IB6
    • I don't think I will ever learn to deal with such people.
    DB6
    • Ever? How am I so sure? (Factual)
    • Do I mean to say that if I am not able to deal with one of my subordinates today, I will never able to deal with him or people like him in future? (Factual)
    • Where is the evidence to predict that I will never be able to deal with such people? (Factual)
    • Then what do I mean by learning? Isn't learning mean to do something which I am not doing now? (Functional)
    • Will this thought help me in generating any method of tackling them in future? (Functional)
    RB6
    • If I am not able to deal with one of my subordinates today, I am denying the possibility of bringing about a change in myself.
    • There is no evidence to predict that I will never be able to deal with such people in future.
    • As I am not 100% sure about my future behaviour, I will accept that there might be a possibility that I can deal with such people in future.
    • If I accept that possibility, I will be able to concentrate on how will I able to deal with such people next time.
    • Even if I am not able to deal with such people so far, I learn a lesson that some of the techniques I have used so far are not useful. I still have a further scope in future.
    • I will focus my attention on generating any method of tackling them in future.
    Section C: Emotions Anger. Humiliation. AnxietyImportant Criteria for Rational Thinking
    • Factual: Is this thought based on fact or reality?
    • Functional: Will this thought help me to take any constructive action?
    Emotive Slogan: Sticks and stones may break my bones, but words will never hurt me.
    Section E: Effective Philosophy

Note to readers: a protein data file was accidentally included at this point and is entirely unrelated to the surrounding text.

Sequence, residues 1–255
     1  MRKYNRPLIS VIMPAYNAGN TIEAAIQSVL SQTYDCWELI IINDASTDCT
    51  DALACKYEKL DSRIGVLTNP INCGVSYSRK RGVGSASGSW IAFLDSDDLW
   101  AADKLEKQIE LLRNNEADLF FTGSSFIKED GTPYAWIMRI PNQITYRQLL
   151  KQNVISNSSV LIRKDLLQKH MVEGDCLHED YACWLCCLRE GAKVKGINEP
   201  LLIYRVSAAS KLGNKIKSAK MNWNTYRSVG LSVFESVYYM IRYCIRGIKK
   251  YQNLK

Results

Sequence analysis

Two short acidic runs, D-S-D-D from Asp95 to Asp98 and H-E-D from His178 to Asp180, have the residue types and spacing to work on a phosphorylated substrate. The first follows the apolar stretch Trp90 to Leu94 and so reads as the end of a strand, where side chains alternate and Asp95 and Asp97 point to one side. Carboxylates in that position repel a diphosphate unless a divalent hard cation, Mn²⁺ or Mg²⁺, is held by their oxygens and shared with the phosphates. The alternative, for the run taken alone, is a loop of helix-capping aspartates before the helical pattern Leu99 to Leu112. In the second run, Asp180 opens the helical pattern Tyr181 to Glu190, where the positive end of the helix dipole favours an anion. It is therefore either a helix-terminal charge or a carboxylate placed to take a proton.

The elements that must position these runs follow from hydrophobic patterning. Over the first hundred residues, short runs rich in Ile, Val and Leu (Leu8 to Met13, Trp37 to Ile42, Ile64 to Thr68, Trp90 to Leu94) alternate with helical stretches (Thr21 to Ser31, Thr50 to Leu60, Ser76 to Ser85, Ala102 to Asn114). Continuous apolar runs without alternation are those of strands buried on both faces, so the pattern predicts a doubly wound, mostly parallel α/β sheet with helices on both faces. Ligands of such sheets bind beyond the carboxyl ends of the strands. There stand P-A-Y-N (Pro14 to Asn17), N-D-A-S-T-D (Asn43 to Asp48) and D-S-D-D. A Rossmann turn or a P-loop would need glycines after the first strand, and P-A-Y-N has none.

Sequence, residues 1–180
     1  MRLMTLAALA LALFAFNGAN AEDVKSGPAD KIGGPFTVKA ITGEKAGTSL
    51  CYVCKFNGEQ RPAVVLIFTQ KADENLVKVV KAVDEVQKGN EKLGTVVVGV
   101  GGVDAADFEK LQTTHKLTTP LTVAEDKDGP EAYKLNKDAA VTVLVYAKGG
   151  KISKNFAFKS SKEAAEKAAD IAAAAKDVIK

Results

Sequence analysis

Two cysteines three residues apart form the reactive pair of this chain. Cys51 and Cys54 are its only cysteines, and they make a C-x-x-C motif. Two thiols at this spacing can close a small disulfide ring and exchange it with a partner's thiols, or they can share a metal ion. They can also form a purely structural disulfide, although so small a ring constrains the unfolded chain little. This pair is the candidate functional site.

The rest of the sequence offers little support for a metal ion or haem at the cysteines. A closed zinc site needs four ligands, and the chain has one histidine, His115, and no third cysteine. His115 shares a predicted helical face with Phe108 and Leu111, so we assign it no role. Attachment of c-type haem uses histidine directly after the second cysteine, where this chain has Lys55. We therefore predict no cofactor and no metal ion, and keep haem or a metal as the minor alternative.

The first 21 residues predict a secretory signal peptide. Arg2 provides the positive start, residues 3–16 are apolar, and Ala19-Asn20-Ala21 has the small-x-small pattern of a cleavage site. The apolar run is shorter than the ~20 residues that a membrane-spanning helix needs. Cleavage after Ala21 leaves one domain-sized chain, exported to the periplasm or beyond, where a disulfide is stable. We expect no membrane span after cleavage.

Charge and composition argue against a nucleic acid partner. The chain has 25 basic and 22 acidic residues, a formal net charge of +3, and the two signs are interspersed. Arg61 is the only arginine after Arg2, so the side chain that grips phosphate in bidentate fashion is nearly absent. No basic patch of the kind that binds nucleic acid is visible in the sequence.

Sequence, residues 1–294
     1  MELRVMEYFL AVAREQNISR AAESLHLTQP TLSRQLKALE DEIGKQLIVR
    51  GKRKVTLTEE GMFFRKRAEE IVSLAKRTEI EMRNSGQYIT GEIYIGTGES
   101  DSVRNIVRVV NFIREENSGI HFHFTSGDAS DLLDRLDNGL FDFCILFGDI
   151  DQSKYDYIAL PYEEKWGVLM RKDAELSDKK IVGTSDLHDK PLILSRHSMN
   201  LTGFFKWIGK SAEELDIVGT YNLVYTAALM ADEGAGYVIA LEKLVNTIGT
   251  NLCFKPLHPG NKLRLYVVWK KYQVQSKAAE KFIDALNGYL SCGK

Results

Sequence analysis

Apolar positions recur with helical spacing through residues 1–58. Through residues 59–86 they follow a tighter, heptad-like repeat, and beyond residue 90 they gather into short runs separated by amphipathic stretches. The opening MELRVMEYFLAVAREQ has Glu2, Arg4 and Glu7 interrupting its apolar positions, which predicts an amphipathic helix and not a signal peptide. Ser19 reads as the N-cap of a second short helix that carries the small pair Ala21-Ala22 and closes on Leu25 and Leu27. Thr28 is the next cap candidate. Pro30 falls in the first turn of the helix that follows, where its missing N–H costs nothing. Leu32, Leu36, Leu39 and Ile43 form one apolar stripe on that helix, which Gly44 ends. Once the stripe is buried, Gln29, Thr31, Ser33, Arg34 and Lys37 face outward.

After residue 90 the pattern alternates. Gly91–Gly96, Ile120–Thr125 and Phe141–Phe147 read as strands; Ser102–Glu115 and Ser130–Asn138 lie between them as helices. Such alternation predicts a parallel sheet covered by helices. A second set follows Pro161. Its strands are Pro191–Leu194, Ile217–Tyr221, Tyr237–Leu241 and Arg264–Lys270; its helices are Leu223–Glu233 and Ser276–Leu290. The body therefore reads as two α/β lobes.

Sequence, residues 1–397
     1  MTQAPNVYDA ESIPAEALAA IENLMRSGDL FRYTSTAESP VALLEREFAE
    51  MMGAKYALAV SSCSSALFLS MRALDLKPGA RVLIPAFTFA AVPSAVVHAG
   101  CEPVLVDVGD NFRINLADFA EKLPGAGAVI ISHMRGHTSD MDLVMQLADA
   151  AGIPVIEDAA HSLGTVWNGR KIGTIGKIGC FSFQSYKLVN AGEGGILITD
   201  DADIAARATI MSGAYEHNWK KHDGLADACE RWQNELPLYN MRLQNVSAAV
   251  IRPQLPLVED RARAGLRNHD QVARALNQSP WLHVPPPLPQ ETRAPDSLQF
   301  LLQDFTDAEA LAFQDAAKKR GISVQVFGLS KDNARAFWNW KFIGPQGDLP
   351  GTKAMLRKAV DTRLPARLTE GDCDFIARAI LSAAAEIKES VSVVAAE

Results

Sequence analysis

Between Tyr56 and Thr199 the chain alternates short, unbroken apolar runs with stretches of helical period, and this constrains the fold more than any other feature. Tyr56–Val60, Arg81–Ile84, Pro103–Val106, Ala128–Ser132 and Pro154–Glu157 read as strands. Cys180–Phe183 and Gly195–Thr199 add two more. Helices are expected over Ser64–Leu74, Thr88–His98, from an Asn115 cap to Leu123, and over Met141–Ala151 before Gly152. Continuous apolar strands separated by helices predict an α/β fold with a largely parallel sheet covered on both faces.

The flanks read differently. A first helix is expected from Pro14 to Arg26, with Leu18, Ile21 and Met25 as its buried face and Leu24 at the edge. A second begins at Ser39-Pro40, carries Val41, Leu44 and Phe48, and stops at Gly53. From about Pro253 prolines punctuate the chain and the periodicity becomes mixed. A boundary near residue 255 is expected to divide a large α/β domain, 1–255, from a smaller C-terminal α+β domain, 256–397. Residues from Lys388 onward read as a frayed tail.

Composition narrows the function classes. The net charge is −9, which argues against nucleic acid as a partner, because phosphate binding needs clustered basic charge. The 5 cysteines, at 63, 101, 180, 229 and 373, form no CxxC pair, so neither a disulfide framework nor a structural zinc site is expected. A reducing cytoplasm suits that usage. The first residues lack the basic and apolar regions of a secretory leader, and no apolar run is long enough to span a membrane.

• I will differentiate behaviour form totality.
    • I will not label totality.
    • I will treat every individual as a unique example of human being.

    About the Authors

    Anjali Joshi is a practising counselling psychologist and associate professor at Prin W.N. Welingkar Institute of Management Development & Research, Mumbai, and has spent 22 years working in the field of education. Dr Joshi holds Master's degree in counselling psychology. MPhil in geriatric counselling, and PhD in REBT psychotherapy. She has delivered several lectures and conducted numerous workshops in organizations of repute, and conducts personal and group counselling programs, employee training programmes, corporate training programmes and weekend workshops on effective self-management through REBT. Dr Joshi was awarded the ‘Young Doctoral Fellowship’ by the Indian Council of Social Science Research (ICSSR), Ministry of Human Resource Development, New Delhi, for her doctoral work. She has published 90 articles and research papers in national and international journals. She writes bothfiction and non-fiction, and has authored several books. Dr Joshi is a Linnaeus Palme (Sweden) scholar and a recipient of several awards such as ‘Best Academic Performance’, ‘Best Mentor’, ‘Outstanding Achievement’ and ‘Best Literature’ by Maharashtra Foundation and Maharashtra Sahitya Parishad.

    K.M. Phadke is an Indian psychologist, practitioner and trainer in Rational Emotive Behaviour Therapy, with 45 years of rich experience in the fields of psychological education, research, training and consultation. He enjoys the unique distinction of being the first and only Indian psychologist to have earned the status of fellow and supervisor of the Albert Ellis Institute (AEI), New York, USA. Mr Phadke had extensive professional correspondence with Albert Ellis, which lasted for 36 years. This correspondence is considered one of the finest resources for REBT learners and is preserved in four volumes in the Archives of Columbia University. Mr Phadke has made original contributions to the theory and practice of REBT and was praised by Dr Ellis for his dedication and mastery over the subject. He has conducted scores of lectures and workshops at various business, industrial, educational, research, training and social organizations throughout India and has authored several books on REBT.